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The impacts of 2004 enlargement in the area of transport.

82 pages
- Processus d'élargissement : acquis et développements en matière de transport.
- Impacts sur les différents modes de transport (routier, ferroviaire, maritime, aérien, fluvial).
- Recommandations.
Bruxelles. http://temis.documentation.developpement-durable.gouv.fr/document.xsp?id=Temis-0060668
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The Impacts of the 2004 Enlargement  in the Area of Transport 
Final version
DG TREN, European Commission
RebelGroup Advisory (www.rebelgroup.nl) COWI A/S (www.cowi.com) Transport & Mobility Leuven (www.tmleuven.be)  
September 2007
        Report information:  Title  Commissioned by  Project team 
 Status  Date of publication  
The impacts of the 2004 enlargement in the area of transport
European Commission, DG Energy and Transport
: Jan-Coen van Elburg, Emil Evenhuis, Sigrid Schenk, Huub Vrenken (RebelGroup Advisory, Rotterdam, The Netherlands), Bruno van Zeebroeck (Transport and Mobility Leuven (TML), Leuven, Belgium), Jesper Mertner, Erling Hvid (COWI A/S, Lyngby, Denmark) : Final report : September 2007
Executive summary
Introduction 1.1. The study 1.2. Methodology 1.3. Report structure
The enlargement process and the Acquis in Transport 2.1. The enlargement process 2.2. The acquis in the area of transport
The developments in transport in context
Impacts on the transport sector 4.1. Road transport 4.2. Railway transport 4.3. Other modes of transport 4.3.1. Maritime transport 4.3.2. Aviation 4.3.3. Inland waterway transport
Conclusions and recommendations 5.1. Conclusions 5.2. Recommendations
Annex 1: Case studies
Annex 2: Reports of workshops and seminar
3 11 11 11 13 
15 15 17 25 35 35 49 58 58 63 68 71 71 74 77 79 
Executive summary
The European Commission, Directorate General for Energy and Transport, has commissioned a study on the impacts of the 2004 enlargement in the area of transport. The study is to provide an insight into the effects of the enlargement, and should present lessons learned for the benefit of future enlargements, as well as recommendations for further integration of the NMS into the EU. The emphasis of the study is on effects that are related to changes in the regulatory environment in which the transport sector now functions, brought about by the transposition and implementation of the transport chapter of the acquis communautaire1. Much of this Transport Acquis is aimed at opening up national markets, thus creating an internal transport market for the whole of the EU. EU legislation and policy also exist on safety, security and the environment. The study covers all main modes of transport, both freight and passenger transport.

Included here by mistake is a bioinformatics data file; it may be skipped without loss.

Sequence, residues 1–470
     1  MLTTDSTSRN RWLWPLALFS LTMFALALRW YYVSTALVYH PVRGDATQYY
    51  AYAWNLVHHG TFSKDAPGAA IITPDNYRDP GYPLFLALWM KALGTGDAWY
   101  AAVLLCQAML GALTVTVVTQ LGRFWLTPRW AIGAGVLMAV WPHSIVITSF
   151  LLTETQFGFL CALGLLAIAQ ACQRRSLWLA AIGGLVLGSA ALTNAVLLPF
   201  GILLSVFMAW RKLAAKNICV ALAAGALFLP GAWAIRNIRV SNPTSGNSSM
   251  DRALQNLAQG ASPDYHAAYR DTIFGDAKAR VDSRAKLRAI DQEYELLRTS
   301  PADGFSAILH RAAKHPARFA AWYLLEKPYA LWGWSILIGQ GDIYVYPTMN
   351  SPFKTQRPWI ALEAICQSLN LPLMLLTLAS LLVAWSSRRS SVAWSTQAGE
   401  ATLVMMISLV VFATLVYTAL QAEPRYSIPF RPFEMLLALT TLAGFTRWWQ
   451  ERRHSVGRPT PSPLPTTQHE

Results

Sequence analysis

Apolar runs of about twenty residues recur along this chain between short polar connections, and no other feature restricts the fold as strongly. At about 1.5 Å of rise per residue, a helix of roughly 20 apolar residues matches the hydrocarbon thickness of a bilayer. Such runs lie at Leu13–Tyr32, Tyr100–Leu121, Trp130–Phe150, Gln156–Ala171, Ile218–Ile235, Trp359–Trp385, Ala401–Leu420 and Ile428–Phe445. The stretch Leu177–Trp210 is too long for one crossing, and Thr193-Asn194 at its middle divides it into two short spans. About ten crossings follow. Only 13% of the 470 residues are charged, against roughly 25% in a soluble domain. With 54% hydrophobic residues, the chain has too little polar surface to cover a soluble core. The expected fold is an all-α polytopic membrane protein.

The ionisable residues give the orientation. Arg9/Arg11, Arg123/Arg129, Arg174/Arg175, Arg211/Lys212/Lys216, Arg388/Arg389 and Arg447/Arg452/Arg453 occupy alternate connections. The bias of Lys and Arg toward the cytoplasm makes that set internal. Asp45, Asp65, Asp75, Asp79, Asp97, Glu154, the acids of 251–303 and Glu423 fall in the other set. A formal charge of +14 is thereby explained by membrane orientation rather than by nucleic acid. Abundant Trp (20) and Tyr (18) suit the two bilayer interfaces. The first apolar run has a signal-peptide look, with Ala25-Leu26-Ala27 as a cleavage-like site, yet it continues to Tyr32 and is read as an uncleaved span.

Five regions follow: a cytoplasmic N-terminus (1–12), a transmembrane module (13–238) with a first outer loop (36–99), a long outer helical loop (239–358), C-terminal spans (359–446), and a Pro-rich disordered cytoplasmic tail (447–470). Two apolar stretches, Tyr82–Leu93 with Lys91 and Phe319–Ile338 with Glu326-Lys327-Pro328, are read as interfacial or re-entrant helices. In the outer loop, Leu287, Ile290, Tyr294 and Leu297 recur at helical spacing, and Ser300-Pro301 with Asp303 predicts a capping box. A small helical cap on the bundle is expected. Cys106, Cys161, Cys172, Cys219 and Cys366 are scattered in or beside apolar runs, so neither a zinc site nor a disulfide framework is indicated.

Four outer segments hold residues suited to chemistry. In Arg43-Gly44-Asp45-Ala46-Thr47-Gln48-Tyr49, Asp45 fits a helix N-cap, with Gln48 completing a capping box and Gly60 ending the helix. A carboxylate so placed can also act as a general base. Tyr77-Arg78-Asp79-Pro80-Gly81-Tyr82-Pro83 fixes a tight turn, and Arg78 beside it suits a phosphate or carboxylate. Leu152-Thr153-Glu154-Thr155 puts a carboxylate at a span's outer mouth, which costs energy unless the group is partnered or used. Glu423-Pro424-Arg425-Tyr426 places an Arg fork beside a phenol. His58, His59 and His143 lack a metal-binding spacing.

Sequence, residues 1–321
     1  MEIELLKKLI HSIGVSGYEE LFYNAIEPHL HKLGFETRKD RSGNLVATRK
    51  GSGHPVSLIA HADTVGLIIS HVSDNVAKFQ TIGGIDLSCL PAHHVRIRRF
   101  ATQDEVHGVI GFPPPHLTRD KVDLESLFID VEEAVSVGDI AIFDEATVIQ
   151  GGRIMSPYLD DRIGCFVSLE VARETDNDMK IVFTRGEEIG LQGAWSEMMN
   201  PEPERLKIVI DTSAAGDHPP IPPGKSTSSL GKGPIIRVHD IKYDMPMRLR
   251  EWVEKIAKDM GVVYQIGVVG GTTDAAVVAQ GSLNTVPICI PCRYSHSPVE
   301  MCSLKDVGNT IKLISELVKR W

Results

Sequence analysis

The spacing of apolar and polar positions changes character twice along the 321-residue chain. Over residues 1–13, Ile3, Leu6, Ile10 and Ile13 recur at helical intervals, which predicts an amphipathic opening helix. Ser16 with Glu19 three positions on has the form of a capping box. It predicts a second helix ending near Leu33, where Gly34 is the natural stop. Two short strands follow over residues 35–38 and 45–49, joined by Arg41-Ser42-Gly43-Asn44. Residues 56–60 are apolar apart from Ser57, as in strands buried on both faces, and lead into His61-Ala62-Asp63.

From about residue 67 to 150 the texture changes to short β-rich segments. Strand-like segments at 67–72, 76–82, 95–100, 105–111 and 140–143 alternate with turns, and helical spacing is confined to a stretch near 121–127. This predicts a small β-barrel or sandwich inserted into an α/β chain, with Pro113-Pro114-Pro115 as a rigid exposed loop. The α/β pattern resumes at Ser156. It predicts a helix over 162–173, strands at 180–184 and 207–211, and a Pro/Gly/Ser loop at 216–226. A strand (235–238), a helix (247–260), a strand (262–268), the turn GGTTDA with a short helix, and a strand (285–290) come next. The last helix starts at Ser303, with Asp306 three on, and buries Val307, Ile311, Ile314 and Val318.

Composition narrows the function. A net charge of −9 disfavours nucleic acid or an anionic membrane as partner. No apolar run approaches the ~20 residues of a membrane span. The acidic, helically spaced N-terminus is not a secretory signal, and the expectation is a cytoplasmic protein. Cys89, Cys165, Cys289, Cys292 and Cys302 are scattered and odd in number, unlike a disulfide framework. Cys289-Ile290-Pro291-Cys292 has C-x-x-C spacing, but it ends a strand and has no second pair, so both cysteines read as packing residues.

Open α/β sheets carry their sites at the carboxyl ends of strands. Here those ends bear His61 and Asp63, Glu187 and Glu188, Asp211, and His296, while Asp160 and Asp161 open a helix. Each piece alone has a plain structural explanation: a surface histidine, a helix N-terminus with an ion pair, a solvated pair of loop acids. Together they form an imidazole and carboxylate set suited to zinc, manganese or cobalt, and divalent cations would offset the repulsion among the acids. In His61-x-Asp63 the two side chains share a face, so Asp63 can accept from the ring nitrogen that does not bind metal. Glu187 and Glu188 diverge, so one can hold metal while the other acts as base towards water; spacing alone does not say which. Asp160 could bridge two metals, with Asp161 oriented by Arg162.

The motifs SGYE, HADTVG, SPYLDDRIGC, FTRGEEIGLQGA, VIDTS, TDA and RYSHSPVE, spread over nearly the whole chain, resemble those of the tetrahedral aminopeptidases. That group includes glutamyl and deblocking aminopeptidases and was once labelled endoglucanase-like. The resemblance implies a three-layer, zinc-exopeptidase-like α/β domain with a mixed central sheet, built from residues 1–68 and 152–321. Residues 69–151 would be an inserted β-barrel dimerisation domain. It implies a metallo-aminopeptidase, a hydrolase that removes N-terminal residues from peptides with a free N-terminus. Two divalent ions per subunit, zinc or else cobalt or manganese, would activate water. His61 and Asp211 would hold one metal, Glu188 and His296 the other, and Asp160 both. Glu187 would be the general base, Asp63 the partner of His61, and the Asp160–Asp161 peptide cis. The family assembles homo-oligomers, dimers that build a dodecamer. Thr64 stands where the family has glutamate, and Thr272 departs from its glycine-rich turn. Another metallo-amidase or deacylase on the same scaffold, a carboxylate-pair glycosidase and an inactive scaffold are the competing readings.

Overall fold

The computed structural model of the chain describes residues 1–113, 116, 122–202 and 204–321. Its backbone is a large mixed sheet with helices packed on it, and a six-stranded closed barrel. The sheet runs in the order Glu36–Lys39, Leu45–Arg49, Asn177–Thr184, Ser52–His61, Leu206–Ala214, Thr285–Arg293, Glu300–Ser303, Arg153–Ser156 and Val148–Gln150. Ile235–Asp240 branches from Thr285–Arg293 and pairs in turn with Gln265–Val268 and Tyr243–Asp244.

To identify main trends and focal points of the study, background documents and statistics were collected and interviews were held with parties who were intimately involved with the enlargement. On the basis of this information, 14 subjects were identified for in-depth study as case studies. These case studies, in combination with data, interviews and two workshops on more general topics, gave a good insight into the basic mechanisms that have been important during the enlargement, and the basic developments that have taken place. To validate our conclusions, we held a seminar at the end of the study in which the main results of the study were presented and preliminary recommendations were stated for discussion.   The enlargement of the EU by ten New Member States was not limited to just one point in time on 1 May 2004. Rather, it was a process that can be traced back to the early 1990s for most of the acceded countries. During that period, an enlargement strategy was developed to prepare for accession into the EU, consisting of, among other things, several Technical and Financial Assistance programmes.  
Transport legislation accounts for approximately ten per cent of the total community acquis and is therefore a voluminous chapter within the total community acquis. The Transport Acquis further evolved during the enlargement process: At the end of 1999, the overall Transport Acquis counted 2896 pages; by the end of 2004 this was 7780 pages. This means that during the enlargement process, the NMS had to transpose2 and implement3old legislation, but also had to keep up with newly accepted legislation. Hence conforming to the Transport Acquis can be compared to catching a                                                      123ody al bU leof Et toT ehlsigoita .nodA legislation. A nniotn taoian lroffe ssenisub dane ivattrisindmtpdea odt ehhttaing nsuror ets fa dee dna siilppatsln ioU  Egilein nforced pt EU legislatio  practice.